The ECs and RPs were grown in minimum essential medium (Gibco; Thermo Fisher Scientific, Inc., Waltham, MA, USA) supplemented with 10% fetal bovine serum (Sigma-Aldrich; Merck KGaA), 100 U/ml of penicillin and 100 mg/ml of streptomycin. All cells were incubated at 37°C in a humidified 21% O2, 5% CO2 atmosphere.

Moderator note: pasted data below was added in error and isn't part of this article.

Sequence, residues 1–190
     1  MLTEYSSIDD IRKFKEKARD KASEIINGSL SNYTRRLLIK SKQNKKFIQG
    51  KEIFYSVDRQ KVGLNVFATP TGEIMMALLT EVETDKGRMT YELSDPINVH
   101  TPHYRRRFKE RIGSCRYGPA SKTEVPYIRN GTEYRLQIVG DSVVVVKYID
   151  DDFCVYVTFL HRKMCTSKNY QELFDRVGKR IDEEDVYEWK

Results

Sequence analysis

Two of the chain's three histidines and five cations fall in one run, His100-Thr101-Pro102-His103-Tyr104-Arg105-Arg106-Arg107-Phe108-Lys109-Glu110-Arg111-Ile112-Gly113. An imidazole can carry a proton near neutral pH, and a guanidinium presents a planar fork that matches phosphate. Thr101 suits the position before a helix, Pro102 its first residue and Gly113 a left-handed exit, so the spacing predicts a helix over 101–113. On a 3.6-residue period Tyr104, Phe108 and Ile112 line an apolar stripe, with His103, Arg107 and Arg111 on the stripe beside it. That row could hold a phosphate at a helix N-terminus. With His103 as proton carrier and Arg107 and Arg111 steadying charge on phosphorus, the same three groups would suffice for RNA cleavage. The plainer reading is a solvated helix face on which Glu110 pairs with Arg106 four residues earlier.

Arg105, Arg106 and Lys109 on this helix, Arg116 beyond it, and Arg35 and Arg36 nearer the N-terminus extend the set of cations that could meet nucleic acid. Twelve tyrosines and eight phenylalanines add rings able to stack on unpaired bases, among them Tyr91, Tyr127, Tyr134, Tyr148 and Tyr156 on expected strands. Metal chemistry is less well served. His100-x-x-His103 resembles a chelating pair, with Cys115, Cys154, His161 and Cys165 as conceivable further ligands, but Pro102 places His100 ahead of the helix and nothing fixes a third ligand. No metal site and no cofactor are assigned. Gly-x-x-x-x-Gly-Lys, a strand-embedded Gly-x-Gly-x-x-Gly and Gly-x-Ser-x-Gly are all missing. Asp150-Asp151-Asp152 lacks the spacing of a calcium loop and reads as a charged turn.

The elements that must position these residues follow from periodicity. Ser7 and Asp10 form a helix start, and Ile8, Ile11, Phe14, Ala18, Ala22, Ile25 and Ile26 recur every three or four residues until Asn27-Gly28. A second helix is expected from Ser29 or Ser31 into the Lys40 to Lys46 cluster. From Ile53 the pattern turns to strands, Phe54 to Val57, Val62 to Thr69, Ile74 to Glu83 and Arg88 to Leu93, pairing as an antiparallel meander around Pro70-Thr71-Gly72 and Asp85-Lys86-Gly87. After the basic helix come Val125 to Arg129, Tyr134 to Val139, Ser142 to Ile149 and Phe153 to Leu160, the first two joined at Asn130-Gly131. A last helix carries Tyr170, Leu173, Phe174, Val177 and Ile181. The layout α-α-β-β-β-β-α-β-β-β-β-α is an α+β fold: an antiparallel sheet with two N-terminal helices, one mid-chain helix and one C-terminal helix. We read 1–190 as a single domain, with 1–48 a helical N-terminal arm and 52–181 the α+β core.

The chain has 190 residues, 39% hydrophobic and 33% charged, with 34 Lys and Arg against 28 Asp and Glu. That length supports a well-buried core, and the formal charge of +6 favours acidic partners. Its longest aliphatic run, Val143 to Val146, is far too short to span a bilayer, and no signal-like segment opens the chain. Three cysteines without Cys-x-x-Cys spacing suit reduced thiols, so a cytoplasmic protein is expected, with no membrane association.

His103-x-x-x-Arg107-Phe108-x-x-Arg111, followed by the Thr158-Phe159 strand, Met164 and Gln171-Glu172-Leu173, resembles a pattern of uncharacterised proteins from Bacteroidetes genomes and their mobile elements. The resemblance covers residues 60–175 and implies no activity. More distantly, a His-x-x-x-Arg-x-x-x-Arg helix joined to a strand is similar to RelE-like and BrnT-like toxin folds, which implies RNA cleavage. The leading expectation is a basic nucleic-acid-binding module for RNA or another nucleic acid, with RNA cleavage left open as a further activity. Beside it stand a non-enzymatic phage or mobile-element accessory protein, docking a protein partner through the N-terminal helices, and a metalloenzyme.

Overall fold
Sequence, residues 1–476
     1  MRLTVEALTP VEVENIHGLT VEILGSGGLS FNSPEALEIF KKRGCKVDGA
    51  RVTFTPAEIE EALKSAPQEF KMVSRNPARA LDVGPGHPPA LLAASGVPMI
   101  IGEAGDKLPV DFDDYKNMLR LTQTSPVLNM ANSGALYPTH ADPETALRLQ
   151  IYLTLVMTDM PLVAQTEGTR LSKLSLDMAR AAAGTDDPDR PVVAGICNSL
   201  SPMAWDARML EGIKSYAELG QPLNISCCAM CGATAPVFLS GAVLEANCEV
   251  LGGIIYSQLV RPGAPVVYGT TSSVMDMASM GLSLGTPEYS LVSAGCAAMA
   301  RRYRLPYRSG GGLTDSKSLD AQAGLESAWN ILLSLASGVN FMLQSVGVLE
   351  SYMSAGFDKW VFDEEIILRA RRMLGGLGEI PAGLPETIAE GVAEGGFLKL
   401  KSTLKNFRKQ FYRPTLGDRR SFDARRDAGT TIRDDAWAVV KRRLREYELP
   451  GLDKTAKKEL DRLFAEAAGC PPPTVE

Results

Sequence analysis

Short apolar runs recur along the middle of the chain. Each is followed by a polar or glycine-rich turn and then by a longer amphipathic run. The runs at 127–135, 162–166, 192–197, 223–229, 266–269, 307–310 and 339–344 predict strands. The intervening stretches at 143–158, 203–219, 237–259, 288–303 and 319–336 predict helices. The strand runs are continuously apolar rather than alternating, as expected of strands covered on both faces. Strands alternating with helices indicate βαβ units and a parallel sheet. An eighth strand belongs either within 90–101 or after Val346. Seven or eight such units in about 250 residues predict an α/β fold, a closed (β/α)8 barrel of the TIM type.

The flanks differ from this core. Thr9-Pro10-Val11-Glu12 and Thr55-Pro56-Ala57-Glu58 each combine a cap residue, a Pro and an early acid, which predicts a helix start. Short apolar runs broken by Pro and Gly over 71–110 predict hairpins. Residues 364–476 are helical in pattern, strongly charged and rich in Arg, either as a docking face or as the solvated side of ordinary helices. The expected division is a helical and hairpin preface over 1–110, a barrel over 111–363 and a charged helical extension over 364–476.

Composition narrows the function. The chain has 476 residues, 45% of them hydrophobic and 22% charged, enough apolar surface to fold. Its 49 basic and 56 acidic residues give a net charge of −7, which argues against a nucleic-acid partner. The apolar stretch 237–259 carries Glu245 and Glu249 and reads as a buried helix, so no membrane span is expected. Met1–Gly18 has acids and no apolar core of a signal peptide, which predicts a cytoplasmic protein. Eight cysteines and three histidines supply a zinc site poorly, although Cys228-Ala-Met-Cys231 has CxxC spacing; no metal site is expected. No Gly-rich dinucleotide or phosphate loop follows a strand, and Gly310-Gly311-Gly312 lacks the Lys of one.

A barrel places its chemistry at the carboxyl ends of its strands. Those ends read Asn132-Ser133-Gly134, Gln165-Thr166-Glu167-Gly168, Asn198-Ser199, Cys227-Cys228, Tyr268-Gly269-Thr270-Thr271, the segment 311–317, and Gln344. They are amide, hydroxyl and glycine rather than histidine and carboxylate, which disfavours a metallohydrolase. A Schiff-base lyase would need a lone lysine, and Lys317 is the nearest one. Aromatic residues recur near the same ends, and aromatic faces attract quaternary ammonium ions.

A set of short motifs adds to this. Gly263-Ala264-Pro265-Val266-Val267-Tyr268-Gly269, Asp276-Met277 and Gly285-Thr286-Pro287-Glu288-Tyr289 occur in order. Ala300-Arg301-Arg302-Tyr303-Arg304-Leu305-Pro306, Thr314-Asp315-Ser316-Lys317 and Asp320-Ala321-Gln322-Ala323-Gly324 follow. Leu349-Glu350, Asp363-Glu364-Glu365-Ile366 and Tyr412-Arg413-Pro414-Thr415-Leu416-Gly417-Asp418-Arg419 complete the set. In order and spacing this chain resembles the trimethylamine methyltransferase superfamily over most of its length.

RT-qPCR was performed using a Roche Light Cycler 480 (Roche Diagnostics, Basel Switzerland), TaqMan MicroRNA assays (Applied Biosystems; Thermo Fisher Scientific, Inc.) and 200 ng total RNA extracted using TRIzol (Invitrogen; Thermo Fisher Scientific, Inc.) from 106 cells. RNA was reverse transcribed to cDNA using stem-loop primers and the TaqMan MicroRNA Reverse Transcription kit (Applied Biosystems; Thermo Fisher Scientific, Inc.) according to the manufacturer's protocol. The obtained cDNA was amplified using a TaqMan miR-126 MicroRNA assay (Applied Biosystems; Thermo Fisher Scientific, Inc.). The67 bp cDNA product was amplified by PCR using the following primers: miR-126 forward, 5′-TATAAGATCTGAGGATAGGTGGGTTCCCGAGAACT-3′ and reverse, 5′-ATATGAATTCTCTCAGGGCTATGCCGCCTAAGTAC-3′ (22). The reaction mixtures were incubated at 95°C for 10 min, followed by 40 cycles of 95°C for 15 sec and 60°C for 1 min according to the Stratagene RT-qPCR instrument (Stratagene; Agilent Technologies, Inc., Santa Clara, CA, USA). miR-126 expression was normalized to U6 mRNA expression. Gene mRNA expression was normalized to β-actin. Primers used were as follows: U6forward, 5′-CTCGCTTCGGCAGCACA-3′ and reverse, 5′-AACGCTTCACGAATTTGCGT-3′; β-actin forward, 5′-CATCCGTAAAGACCTCTATGCCAAC-3′ and reverse, 5′-ATGGAGCCACCGATCCACA-3′. Relative gene expression was quantified using the 2−ΔΔCq method (23). Three independent experiments were performed.